Movies Anywhere Promises To Fix Digital Film Libraries – Forbes
Digital copies of movies have always been more trouble than they’re worth. Finding the code in a Blu-Ray copy of a favorite film always led to hassle. Each studio seemingly had its own particular relationship with a digital retailer or distributor, cranking up the number of passwords, accounts and services needed to enjoy films on a phone, laptop, or tablet.
Yet today, with the launch of the free app Movies Anywhere, there may be a grand unifying service to make accumulating a large digital cinematic library feasible.
Scope is the important factor here. Before, the problem with digital services were their limited relationships with studios which stifled the number of movies each one offered.
Movies Anywhere is a coalition between five of the major Hollywood studios ― Sony Pictures Entertainment, The Walt Disney Studios (including all Disney, Pixar, Marvel Studios and Lucasfilm properties), Twentieth Century Fox, Universal Pictures and Warner Bros. Entertainment ― and all the heavy hitters of the online retail world. Amazon, Google Play, iTunes and Vudu combine their offerings for a whopping 7,300 movie selection. To put this in perspective, Netflix offers closer to 4,000.
Ease of access looks to be on par with the streaming juggernaut as well. Movies Anywhere boasts compatibility with Amazon Fire, Androids, Apple products and Rokus at launch, offering a variety of platforms to access a one-stop-shop film library.
This library, which amasses all of a user’s digital copies from the various existing services into one place, is possible thanks to “digital rights system architecture, dubbed ‘Keychest’,” according to The Verge. This had been the foundation of Disney’s original 2014 film locker service and it continues to structure Movies Anywhere now that other studios have come onboard.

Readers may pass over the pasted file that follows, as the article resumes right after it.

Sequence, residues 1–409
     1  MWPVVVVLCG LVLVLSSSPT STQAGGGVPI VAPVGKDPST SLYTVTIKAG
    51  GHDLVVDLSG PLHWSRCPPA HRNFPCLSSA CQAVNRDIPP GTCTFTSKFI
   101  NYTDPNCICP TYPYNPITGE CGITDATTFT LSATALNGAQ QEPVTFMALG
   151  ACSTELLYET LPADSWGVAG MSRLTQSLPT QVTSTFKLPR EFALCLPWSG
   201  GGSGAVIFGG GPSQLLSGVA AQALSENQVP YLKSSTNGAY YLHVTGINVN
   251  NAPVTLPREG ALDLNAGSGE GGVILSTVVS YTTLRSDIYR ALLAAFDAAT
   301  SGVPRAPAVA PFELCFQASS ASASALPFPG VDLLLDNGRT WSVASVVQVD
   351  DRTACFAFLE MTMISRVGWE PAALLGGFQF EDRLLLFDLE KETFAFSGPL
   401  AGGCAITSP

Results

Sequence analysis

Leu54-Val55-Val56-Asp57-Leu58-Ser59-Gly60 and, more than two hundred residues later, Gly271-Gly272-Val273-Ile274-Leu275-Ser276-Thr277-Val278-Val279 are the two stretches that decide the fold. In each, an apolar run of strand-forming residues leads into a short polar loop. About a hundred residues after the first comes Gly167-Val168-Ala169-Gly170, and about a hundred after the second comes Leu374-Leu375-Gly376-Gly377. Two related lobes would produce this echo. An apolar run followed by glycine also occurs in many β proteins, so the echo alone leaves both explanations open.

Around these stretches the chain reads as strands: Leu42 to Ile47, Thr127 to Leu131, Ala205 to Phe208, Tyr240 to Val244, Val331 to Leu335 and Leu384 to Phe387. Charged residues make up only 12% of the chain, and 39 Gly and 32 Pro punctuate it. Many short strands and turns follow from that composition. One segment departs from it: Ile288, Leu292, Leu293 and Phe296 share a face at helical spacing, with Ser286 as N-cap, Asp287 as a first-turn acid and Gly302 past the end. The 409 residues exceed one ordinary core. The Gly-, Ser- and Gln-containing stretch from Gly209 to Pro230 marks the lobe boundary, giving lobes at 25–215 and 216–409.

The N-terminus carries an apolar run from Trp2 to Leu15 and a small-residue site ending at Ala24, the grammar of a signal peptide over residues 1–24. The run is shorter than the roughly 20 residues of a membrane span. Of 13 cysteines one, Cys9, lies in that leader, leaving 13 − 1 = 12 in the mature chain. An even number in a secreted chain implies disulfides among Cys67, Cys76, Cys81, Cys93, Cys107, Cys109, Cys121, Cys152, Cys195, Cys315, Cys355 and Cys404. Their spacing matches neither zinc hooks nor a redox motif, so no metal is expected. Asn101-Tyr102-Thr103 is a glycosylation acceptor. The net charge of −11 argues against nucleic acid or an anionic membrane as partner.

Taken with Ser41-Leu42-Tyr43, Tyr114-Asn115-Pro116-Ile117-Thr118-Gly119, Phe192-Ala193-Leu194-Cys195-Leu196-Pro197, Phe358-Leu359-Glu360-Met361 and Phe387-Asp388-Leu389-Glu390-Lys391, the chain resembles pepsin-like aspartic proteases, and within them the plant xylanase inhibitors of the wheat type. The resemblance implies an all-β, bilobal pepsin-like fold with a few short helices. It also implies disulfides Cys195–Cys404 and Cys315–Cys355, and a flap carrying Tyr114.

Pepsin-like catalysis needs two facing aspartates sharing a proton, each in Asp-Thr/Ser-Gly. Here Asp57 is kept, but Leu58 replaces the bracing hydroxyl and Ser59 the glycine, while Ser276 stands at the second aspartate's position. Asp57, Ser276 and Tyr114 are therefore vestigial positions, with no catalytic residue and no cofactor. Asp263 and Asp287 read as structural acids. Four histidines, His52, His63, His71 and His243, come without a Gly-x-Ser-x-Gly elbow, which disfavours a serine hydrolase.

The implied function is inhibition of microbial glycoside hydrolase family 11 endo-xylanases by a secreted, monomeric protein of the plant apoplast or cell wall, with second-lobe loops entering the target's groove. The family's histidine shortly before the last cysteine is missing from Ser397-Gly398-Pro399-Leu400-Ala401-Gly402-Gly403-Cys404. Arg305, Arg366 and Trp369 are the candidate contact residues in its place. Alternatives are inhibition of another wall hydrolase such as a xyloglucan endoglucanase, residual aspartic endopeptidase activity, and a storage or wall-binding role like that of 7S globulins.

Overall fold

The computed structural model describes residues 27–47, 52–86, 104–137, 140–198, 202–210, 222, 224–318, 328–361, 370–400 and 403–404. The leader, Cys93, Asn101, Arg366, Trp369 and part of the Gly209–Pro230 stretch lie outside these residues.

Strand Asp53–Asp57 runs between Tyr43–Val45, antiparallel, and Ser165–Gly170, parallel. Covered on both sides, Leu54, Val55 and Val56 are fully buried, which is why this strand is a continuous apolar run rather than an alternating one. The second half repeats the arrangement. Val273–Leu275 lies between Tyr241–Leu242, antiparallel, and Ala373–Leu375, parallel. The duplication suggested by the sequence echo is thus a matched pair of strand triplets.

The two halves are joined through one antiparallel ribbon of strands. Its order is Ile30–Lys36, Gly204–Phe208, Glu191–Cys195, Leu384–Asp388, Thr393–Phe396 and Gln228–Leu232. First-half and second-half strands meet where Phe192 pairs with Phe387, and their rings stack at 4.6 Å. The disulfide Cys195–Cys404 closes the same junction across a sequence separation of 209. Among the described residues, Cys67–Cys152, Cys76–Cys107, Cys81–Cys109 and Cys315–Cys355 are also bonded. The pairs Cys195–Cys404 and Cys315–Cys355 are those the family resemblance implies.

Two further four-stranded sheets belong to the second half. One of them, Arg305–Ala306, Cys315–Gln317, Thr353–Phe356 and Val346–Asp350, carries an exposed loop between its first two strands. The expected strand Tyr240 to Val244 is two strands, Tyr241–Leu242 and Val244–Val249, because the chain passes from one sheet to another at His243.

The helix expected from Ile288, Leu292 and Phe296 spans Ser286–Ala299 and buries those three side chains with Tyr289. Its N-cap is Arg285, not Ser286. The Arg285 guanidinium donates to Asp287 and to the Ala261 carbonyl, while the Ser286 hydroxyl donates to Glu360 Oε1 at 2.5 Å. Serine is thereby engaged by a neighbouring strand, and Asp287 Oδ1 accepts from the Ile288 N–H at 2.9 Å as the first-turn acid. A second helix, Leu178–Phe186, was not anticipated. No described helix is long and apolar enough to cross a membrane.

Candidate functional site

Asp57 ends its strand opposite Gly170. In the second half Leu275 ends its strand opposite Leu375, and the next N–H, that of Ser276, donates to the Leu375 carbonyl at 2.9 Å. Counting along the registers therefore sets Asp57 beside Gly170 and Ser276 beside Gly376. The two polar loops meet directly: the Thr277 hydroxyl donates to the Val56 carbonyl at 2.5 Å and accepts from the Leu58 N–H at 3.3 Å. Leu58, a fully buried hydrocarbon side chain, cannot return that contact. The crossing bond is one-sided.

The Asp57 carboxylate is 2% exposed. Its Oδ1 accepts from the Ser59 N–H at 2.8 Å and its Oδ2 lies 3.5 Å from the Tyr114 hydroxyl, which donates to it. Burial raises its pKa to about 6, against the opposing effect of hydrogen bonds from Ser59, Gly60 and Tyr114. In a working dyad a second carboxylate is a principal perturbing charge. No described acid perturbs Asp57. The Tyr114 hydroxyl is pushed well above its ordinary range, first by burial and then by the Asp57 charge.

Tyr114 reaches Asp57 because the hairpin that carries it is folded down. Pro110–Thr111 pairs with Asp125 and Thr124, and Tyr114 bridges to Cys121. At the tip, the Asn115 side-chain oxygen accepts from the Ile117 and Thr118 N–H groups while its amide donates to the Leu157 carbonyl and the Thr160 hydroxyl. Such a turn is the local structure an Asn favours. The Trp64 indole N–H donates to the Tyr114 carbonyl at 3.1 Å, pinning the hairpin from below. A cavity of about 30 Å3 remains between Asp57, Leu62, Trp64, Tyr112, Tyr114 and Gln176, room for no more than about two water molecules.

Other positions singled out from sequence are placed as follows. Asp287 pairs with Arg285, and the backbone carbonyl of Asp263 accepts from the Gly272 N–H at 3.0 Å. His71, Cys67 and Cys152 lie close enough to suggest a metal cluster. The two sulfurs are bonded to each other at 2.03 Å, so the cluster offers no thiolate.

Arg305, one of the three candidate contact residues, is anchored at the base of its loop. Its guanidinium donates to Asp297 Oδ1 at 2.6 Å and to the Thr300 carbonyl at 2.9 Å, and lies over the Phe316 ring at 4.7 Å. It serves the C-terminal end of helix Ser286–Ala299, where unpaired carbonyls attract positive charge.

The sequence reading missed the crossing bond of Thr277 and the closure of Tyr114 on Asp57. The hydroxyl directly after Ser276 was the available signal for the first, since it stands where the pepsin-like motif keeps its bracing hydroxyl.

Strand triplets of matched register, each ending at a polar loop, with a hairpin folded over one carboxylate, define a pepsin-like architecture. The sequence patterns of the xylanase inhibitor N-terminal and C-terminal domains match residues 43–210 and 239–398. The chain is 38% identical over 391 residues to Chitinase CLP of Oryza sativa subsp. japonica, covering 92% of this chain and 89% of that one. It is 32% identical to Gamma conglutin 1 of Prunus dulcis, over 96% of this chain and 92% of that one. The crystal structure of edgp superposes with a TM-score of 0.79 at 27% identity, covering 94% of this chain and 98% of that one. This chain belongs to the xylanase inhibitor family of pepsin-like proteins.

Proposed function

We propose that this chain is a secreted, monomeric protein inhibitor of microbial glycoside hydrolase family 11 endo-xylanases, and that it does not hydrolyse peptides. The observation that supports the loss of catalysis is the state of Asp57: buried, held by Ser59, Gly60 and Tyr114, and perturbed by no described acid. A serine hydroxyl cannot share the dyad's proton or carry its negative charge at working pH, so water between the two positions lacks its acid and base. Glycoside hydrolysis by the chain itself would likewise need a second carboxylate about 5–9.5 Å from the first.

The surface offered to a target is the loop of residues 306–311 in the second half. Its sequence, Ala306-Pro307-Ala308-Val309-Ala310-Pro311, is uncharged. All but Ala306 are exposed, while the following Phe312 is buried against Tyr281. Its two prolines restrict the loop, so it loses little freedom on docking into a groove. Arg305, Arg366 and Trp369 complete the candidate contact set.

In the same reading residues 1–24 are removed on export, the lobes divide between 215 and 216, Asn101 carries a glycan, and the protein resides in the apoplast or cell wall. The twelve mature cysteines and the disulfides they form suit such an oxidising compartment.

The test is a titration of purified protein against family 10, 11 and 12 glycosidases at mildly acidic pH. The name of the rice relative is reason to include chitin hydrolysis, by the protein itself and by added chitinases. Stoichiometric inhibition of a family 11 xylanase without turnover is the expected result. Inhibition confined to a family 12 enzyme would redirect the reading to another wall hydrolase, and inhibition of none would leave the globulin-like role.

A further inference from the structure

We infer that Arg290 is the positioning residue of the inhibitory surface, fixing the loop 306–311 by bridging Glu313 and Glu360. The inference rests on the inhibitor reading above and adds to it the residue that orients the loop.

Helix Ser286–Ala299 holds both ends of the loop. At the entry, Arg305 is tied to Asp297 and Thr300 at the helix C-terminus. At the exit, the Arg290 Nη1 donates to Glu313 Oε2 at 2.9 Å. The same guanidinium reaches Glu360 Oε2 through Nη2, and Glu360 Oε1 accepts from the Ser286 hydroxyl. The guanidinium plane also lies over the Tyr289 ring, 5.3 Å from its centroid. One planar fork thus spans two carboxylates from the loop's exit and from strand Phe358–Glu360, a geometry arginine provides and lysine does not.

Some studios that haven’t yet joined the coalition are Paramount Pictures and Lionsgate, but these blind spots are far less damning than those of Movies Anywhere’s closest competitor, Ultraviolet. That service had similar goals of being a comprehensive movie locker, but without support from powerhouses Disney and Apple, it struggled. With the launch of Movies Anywhere, Ultraviolet is all but dead.
To incentivize signing up for one more streaming service, Movies Anywhere is offering new users free movies depending on which services you link to their library. If you add your Amazon Video, Google Play, iTunes or Vudu account, you’ll get free copies of last year’s Ghostbusters remake and Ice Age. Connect more than one of the aforementioned accounts and you’ll also get Big Hero 6, Jason Bourne and The LEGO Movie for free.
Signing up for yet another film service may be a harrowing proposition, but with studios unsure about the future of theatrical releases, embracing the digital landscape is becoming easier and easier.
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